State legislation in 1867 provided for the establishment of Athens State Hospital. It opened in 1874. The farm and hospital grounds were comprised of 4,000 acres.
In an effort to make the hospital a self-sustaining entity, gardens of vegetables and flowers were planted and cared for by the patients, cultivating produce for the hospital kitchen. Likewise, a dairy operation was established in 1912. Along with milk, it supplied all the feed for the dairy, poultry, swine and beef operations with the help of 30 patient-employees.
During the early part of the 20th century, the government was designing state-of-the-art dairy barns to improve sanitation for milk to be used by its state institutions. From the 17 farm buildings, the lone surviving structure is the Georgian Revival barn from the dairy operation, completed in 1914 at a cost of $10,000. It was designed with 40 stanchions.
An 80-cow milking herd was established from which a pure-bred Holstein herd was developed. From this herd, many champion bulls and milk cows — including the first calf born from artificial insemination — were sired.
The ground floor of the dairy barn handled 40 milking cows at a time in individual stanchions. A center feed aisle ran the length of the barn, and another aisle bisected the barn across its width in the center. The concrete floor was poured with a feed bunk and watering fountains at the head of the cows on either side of the feed aisle. A trough ran behind the rear of the cows for the collection and removal of manure.
The milking area was well-ventilated with large windows on both sides, the full length of the barn. The upper floor, the mow, stored hay and straw for feed and bedding. The gambrel roof is slate and topped with three cupolas. In both ends of the second level are beautiful arched doors with arched glass windows.
Throughout its lifetime up until 1984, the state hospital has had eight titles. It has most recently been named The Ridges, which encompasses all of the surviving buildings of the hospital and farm buildings.
Time for change
The dairy operation was in decline by the 1960s because of changing farming practices and a declining patient population. It ceased operation in the early 1970s and was virtually abandoned for a decade, at which time it was slated for demolition in 1977.
Upon hearing the dairy barn was going to be torn down, a group of citizens led by Harriet and Ora Anderson, members of the Hocking Valley Arts Council, and community members had nine days to come up with a concept to save the barn. The plan was to repurpose it into an arts center. Grants were obtained to provide for winterization and painting of the barn and start renovation.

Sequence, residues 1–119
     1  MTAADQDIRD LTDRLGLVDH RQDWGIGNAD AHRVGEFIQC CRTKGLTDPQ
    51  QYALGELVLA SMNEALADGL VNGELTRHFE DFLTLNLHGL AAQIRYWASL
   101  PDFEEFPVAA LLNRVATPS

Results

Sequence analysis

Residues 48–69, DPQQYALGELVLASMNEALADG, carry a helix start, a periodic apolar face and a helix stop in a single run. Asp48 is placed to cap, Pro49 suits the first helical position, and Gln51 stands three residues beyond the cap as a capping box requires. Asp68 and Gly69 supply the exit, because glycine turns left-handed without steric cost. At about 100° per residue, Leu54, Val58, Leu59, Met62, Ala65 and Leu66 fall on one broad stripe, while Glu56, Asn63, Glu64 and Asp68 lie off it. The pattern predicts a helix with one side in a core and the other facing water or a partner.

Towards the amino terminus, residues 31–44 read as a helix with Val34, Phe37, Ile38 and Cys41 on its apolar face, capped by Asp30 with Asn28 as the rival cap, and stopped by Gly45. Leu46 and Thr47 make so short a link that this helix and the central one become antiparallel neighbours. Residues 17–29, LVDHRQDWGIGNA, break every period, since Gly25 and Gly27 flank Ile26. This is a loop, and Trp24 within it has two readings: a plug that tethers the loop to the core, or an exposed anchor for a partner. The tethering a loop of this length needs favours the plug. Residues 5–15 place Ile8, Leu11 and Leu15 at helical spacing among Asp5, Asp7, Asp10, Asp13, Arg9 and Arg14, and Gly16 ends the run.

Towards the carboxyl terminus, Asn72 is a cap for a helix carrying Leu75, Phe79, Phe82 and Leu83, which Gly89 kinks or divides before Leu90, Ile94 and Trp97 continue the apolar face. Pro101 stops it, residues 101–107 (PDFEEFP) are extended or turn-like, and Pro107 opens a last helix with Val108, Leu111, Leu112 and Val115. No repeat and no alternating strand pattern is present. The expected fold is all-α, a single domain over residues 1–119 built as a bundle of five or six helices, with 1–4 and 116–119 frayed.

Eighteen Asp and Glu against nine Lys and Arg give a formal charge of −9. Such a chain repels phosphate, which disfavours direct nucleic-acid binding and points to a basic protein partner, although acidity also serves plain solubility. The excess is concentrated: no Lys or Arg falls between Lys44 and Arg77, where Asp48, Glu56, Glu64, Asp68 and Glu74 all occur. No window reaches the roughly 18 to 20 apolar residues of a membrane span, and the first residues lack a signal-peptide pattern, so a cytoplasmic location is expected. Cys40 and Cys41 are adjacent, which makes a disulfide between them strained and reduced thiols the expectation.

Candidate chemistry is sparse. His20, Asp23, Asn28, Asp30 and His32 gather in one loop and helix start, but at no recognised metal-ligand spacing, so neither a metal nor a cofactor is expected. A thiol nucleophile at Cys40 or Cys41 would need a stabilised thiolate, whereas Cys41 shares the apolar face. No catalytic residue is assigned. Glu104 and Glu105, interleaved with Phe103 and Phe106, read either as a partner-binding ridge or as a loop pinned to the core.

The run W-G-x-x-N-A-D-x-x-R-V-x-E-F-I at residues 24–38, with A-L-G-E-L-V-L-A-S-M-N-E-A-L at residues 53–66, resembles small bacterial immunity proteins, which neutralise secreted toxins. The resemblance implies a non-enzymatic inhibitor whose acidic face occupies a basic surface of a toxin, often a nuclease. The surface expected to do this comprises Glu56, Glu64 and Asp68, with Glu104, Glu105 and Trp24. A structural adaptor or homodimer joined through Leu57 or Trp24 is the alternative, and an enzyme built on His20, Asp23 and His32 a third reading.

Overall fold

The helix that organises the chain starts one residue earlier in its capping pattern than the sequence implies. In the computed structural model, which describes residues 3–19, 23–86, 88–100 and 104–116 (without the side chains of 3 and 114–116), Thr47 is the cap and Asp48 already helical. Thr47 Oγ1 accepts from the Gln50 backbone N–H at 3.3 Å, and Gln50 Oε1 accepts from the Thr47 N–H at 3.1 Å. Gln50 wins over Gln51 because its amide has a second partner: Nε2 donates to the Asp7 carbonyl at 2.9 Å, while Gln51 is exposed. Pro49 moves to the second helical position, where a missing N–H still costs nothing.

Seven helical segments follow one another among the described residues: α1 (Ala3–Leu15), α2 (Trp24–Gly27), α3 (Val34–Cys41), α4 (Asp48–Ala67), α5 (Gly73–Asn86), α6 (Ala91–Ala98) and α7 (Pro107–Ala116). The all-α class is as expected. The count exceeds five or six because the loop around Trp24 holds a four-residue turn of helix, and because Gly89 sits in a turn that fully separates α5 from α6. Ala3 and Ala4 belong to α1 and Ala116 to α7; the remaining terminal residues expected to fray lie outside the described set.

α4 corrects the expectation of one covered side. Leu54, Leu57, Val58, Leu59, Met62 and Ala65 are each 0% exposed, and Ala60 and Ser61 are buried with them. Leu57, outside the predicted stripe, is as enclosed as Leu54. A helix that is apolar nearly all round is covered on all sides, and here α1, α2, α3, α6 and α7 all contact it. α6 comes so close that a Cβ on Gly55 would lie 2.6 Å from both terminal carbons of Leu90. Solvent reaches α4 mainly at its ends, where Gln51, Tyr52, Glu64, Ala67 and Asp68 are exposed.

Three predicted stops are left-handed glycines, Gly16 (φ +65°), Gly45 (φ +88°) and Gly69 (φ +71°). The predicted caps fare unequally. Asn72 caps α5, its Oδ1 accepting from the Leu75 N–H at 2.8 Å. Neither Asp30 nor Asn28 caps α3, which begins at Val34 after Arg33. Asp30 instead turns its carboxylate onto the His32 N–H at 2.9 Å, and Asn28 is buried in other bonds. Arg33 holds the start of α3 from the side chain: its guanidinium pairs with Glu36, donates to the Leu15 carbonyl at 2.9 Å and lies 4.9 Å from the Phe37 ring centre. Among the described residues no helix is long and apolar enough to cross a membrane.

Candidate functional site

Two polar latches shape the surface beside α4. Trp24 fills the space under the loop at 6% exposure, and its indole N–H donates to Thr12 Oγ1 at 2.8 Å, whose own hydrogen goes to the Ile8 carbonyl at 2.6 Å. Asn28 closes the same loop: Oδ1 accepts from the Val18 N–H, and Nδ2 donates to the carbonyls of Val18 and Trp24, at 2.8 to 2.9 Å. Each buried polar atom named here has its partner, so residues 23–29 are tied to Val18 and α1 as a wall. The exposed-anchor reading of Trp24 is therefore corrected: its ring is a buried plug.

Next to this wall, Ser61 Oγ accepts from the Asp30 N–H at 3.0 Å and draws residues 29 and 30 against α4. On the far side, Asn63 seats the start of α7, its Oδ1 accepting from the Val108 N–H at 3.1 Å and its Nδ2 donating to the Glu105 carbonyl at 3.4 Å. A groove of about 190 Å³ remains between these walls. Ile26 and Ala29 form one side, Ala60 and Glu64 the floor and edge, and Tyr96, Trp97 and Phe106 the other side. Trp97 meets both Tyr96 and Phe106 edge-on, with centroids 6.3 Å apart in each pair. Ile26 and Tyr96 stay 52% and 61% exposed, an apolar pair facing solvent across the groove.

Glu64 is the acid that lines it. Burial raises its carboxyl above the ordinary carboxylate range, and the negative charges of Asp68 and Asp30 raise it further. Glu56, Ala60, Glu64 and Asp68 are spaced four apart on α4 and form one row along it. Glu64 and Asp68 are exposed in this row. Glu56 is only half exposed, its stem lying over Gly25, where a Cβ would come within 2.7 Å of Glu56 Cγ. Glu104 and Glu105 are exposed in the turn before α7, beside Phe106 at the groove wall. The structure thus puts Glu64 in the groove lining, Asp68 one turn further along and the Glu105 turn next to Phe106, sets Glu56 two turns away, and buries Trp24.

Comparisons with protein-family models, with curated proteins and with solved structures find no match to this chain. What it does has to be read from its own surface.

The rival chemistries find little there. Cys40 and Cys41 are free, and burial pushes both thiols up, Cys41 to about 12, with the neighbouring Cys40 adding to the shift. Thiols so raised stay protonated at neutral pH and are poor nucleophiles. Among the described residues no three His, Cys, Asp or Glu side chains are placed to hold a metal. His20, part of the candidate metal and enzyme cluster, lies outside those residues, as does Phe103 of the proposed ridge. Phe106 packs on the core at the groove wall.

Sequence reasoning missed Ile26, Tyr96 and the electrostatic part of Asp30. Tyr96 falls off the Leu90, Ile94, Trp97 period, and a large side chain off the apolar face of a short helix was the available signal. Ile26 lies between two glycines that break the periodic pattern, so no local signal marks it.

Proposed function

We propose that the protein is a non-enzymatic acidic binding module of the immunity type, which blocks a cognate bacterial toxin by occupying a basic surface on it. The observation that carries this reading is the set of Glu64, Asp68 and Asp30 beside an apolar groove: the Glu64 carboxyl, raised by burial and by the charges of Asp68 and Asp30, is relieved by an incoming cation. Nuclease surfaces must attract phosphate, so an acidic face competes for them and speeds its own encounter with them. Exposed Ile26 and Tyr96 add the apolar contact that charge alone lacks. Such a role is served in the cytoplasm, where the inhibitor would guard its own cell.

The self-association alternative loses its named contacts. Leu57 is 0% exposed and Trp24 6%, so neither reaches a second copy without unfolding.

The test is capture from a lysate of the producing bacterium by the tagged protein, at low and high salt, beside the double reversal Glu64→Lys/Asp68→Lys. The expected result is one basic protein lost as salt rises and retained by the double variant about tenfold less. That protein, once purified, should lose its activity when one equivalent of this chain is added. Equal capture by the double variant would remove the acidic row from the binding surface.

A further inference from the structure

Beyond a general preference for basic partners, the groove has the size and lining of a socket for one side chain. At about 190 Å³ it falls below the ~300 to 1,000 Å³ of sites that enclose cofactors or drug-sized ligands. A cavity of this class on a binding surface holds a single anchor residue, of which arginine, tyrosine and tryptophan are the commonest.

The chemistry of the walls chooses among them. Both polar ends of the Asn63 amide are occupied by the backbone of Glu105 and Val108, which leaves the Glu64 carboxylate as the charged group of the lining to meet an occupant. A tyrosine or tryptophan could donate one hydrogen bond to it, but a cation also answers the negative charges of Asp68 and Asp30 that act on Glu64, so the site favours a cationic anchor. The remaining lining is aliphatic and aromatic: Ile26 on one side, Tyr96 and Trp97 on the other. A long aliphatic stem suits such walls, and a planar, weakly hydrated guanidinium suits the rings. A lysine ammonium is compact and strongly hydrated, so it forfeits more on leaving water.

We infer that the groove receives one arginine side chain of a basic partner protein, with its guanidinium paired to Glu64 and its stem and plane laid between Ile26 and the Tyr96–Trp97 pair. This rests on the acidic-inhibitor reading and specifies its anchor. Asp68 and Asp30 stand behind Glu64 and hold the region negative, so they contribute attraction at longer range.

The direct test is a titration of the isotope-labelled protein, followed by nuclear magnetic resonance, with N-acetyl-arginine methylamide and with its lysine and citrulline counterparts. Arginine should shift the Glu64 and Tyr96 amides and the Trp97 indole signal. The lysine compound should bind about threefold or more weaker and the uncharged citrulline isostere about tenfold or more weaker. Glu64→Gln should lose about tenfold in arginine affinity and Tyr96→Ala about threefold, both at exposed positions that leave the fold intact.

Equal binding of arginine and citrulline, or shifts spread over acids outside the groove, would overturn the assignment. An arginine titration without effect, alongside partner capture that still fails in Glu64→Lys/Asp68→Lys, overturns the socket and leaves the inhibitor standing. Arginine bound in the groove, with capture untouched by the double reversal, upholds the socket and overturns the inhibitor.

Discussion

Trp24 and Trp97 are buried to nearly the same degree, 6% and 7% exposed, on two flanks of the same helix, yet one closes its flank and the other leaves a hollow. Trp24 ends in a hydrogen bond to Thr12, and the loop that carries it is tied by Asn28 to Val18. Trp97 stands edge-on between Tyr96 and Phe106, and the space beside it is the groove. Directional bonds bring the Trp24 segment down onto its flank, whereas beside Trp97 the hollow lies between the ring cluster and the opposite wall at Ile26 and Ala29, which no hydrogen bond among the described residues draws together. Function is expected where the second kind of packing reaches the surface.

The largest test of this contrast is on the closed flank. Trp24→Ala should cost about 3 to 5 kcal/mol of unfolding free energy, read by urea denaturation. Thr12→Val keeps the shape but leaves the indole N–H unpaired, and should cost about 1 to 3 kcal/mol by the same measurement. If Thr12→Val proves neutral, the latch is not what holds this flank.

The main floor milking area is now a large, open gallery area where a variety of exhibitions, and community events can be featured and enjoyed by all. The second level has been developed into classrooms and work areas. A diversity of classes, workshops and art camps are offered to the public.
This is a great example of taking something old and giving it a new life in the community. The once state-of-the-art Georgian Revival dairy barn has evolved into one of southeastern Ohio's premiere art galleries. The repurposing of this 104-year-old barn was accomplished with forward thinking, and a vision for the future that will serve the local community and its visitors for years to come.
The dairy barn has added a gallery gift shop. Wanting to keep the theme of a barn, the board of The Dairy Barn Art Center asked Friends of Ohio Barns to help in sourcing old hewn barn timbers to decorate the new gift shop. It is open and airy, and displays art from regional artists for sale.
Over the past 45 years, an added benefit has emerged. Much of the pastures and fields of the farm are returning to wooded areas, offering opportunities for wildlife and outdoor experiences.
With so much to offer, The Dairy Barn Arts Center is a worthwhile stop on any visitor's itinerary to Athens County.
The Dairy Barn Arts Center’s mission is to offer exhibitions, events and educational programs that nurture and promote area artists and artisans, develop art appreciation among all ages, provide the community access to fine arts and crafts from outside the region, and draw attention and visitors to southeast Ohio.
The 12-month program calendar includes international juried exhibitions, festivals, touring exhibits, programs of regional interest, live performances and activities for all ages.